THE MODERN MINT BLOG

Jun30

Dr Seuss & Amalia Robredo

amalia july...

Amalia Robredo took part in our Chelsea Fringe project at the start of June. Now here is an update, from Uruguay, of her landscape…

Those in the Southern Hemisphere are now in Autumn and heading for Winter. Yet looking at the photo the scene looks warm and inviting. As does the sea…

Looking back over the photos from earlier in June, things don’t appear to have changed. Apart from the Cereus uruguayanus losing its fruits to the birds. Yet, almost imperceptibly, the scene now has a more bleached, paler look. Even the light seems to be changing.

Yes… looking closely, things are different. Quietly different, but different all the same. So what can we learn from that? Well, as Dr Seuss said…

And when things start to happen,
Don’t worry. Don’t stew.
Just go right along.
You’ll start happening too.

That is what we learn from it. Things start to happen. So just go right along.

Jun10

Brought By Bike – Topiary Making

Brought By Bike is an excellent website I found last month, where businesses offer their services by (of course) bicycle. Modern Mint and my topiary work is now live on the site offering my topiary services, via bike, to the following two postcodes – CM1 CM2 Now I can imagine I will need to borrow a ladder should anyone have a larger shrub, but most town gardens in the Chelmsford area have a need not just for privacy but to let light into the house… so a balance must be struck when shaping hedges and shrubs to cover both needs. …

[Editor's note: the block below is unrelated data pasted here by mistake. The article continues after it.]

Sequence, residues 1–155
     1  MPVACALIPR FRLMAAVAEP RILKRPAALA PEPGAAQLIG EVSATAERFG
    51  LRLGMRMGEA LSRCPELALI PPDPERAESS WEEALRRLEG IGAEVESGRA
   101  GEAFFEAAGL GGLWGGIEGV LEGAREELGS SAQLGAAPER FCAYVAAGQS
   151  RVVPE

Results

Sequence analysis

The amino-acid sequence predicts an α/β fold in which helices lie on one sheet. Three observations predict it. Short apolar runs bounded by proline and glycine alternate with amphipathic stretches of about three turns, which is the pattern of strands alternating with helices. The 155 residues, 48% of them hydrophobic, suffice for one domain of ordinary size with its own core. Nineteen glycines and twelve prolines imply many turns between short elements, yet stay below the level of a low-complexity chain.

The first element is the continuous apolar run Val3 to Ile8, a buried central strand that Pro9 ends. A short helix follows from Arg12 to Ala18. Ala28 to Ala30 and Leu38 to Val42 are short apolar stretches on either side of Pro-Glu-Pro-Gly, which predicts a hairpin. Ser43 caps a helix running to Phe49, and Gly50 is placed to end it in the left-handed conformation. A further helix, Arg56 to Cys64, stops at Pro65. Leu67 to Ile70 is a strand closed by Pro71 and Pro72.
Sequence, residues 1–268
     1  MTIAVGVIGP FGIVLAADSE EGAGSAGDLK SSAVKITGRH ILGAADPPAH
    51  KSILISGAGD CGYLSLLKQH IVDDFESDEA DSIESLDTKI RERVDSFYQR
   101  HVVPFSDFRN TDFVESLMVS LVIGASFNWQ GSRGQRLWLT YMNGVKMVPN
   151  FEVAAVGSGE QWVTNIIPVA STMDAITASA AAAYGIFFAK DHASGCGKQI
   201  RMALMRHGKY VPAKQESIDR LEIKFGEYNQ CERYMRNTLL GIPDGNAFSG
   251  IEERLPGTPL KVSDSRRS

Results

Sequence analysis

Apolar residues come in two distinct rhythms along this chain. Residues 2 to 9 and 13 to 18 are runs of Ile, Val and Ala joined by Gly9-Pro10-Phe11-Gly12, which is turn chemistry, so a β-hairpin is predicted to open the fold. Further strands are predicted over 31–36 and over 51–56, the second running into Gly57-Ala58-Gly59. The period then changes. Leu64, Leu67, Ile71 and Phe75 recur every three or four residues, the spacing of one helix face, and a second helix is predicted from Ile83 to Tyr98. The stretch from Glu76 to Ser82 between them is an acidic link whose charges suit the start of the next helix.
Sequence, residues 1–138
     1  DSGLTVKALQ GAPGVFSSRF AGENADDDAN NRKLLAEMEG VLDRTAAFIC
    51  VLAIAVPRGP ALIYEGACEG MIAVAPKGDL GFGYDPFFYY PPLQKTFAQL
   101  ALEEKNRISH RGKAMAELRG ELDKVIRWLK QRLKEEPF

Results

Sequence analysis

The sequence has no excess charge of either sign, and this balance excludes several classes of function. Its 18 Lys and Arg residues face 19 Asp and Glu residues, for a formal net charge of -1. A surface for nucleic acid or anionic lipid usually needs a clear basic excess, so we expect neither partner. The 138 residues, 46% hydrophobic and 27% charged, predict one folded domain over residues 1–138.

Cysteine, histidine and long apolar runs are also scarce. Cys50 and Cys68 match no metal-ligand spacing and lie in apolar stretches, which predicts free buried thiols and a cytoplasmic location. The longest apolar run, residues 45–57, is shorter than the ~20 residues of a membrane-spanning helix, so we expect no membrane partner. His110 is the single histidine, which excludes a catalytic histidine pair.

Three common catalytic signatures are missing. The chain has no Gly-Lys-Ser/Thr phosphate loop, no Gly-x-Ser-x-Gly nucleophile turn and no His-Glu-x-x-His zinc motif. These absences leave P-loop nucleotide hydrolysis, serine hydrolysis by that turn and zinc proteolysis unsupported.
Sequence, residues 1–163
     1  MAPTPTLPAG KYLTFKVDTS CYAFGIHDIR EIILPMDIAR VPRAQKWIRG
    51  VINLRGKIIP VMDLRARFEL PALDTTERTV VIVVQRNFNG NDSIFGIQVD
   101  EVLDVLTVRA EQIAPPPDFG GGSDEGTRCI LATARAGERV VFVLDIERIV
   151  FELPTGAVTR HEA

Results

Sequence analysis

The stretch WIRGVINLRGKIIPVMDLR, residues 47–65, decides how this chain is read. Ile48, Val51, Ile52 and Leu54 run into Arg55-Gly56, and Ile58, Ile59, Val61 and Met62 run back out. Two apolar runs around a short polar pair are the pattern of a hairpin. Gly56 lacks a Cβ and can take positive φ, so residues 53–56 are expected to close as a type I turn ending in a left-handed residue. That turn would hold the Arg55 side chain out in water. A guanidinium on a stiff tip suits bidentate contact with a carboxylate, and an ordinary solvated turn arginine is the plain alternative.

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May10

Transforming Topiary

topiary transforming

Transforming Topiary – a video made for the European Boxwood And Topiary Society by Charlotte Molesworth and I, in her garden. We take a dog topiary and work out how to update it, turning it into a bird. Worth a watch I think, and hopefully useful to you! You can see more of my clipping on the topiary page. Or read my Spring 2021 Topiary Provocation here.

Apr28

Phillyrea From 1682

Worlidge Phillyrea

Phillyrea is one of my favourite plants for topiary. I have been using it for quite a few years as a specimen shrub, mostly due to the fact it clips well and has a tough habit – all good characteristics for a topiary plant. It also has a  reputation for being an excellent nectar source for bees… Read more about Phillyrea here. Mentioning this to Malcolm Thicke, a market garden historian and writer, he sent me a some photos of topiary and phillyrea mentioned by John Worlidge in Systema Horticulturae from 1682…. incredible! He also mentioned to me that in …

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